But the good news is we can soften the blow whilst we get more used to saying no.
Rather than saying yes straight away, and living to regret it, the hack is to simply say yes more slowly.
Give a maybe instead. Tell someone you need to think about it. But yourself more time.
Not only is this perfectly reasonable, it actually shows you are giving something greater consideration — which is respectful.
Stop indiscriminately saying yes. Instead, say something along the lines of:
“Let me get back to you on that”
“Hmm, good question, I’m not sure. Can I let you know?”
“I don’t know right now, let me think about it properly”.
It’s not a straightforward no, but importantly, neither is it a yes.
This does two things:
- It gives you time to more carefully think about what you want to say no to and what you are prepared to say yes to, rather than being put on the spot.
- If you do opt to say no, it shows the person it is at least something you’ve thought about.
Even though it can be really uncomfortable to begin with, I promise you this:
Over time, the more you hear yourself voicing the word “no” the easier it feels.
Ask any of my friends, these days I have no problem turning down an invitation, and rather than feel awkward, it feels great!
You don’t become assertive overnight, it starts with the smallest of actions and intentions which you build over time.
4) Rehearse being assertive
I don’t know about you, but in the aftermath of something I always tend to have those “this is what I should have said” moments.
Your head quickly floods with all the points you could have made or the words you should have used.
Yet at the time, it all escaped you.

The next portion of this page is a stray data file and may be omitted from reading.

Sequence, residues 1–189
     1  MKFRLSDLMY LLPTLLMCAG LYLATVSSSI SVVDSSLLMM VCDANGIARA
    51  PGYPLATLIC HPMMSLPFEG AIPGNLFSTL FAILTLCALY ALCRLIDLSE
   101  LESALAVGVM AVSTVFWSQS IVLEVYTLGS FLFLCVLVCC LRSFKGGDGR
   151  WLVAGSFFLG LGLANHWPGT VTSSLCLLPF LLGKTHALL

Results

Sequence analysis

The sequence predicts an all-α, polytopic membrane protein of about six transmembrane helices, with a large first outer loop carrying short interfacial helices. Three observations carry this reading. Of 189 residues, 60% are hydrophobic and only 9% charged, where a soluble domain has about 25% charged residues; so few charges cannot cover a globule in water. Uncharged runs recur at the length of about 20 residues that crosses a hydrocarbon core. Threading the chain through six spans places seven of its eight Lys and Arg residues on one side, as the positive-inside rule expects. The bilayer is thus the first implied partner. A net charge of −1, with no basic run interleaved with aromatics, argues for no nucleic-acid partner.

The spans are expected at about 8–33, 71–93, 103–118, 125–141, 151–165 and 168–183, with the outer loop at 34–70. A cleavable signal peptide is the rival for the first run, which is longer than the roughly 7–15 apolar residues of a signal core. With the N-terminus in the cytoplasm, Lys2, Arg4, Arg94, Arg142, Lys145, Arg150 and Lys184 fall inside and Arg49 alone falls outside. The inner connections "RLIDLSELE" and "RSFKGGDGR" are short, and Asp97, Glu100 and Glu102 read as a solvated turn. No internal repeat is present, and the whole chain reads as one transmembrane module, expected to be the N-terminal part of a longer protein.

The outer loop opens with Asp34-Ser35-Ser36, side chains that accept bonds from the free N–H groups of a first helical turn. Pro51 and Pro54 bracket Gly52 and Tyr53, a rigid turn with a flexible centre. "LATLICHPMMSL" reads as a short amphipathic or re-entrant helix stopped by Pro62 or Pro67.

It’s true what they say that practice makes perfect. And we can’t always rely on ourselves in the heat of the moment to get it right.
That’s why it can be a good idea to practice behind the scenes.
For example, let’s say you often end up saying yes to things you later regret. Or maybe you seem to let people constantly interrupt you and cut you off when you’re speaking.
Rehearse being assertive in certain scenarios.
That might be role-playing certain tricky situations with someone you trust or even in front of a mirror.
Personally, I find it really helpful to write out what I want to say. That way it’s easier to get an objective and almost outside view of things.
5) Don’t push away your feelings
Shall we be honest?
Learning to become a more assertive woman will feel “ick” at times.
The mere thought of creating waves can be hella uncomfortable.
This was definitely one of the things that for so long held me back from even making a start on becoming more assertive.
My advice is don’t swallow all the feelings that come up.
It’s really important we find outlets for them.
Some of my faves include:
- Nattering with a friend about it all
- Talking to a therapist
The reality is that conflict, whether it’s resolved in a constructive way or not, can bring up a lot of emotions.
The better we seek to understand and deal with our feelings the less likely we will get angry or upset during those times we need to assert ourselves.
The more you simultaneously work on your self-awareness, the better you’ll keep your cool and stay confident when you need to be assertive.
Oh, and taking a few very deep breaths also works a charm in keeping a handle on your emotions!
Final thoughts: If you can’t be assertive your feelings have a habit of coming out anyway but in toxic ways!
Here’s what plenty of passive-aggressive sulks and martyr-like moans eventually taught me:
By not learning to become more assertive, I was doing myself and others around me more harm than good.
I was creating unnecessary stress and anxiety by not learning how to more effectively communicate.
And at the end of the day, that’s all assertiveness is — another communication skill.
We are human. And so our feelings and frustrations have a habit of always coming to light eventually.
But when you don’t consciously give them a healthy outlet, that may well be in a destructive way.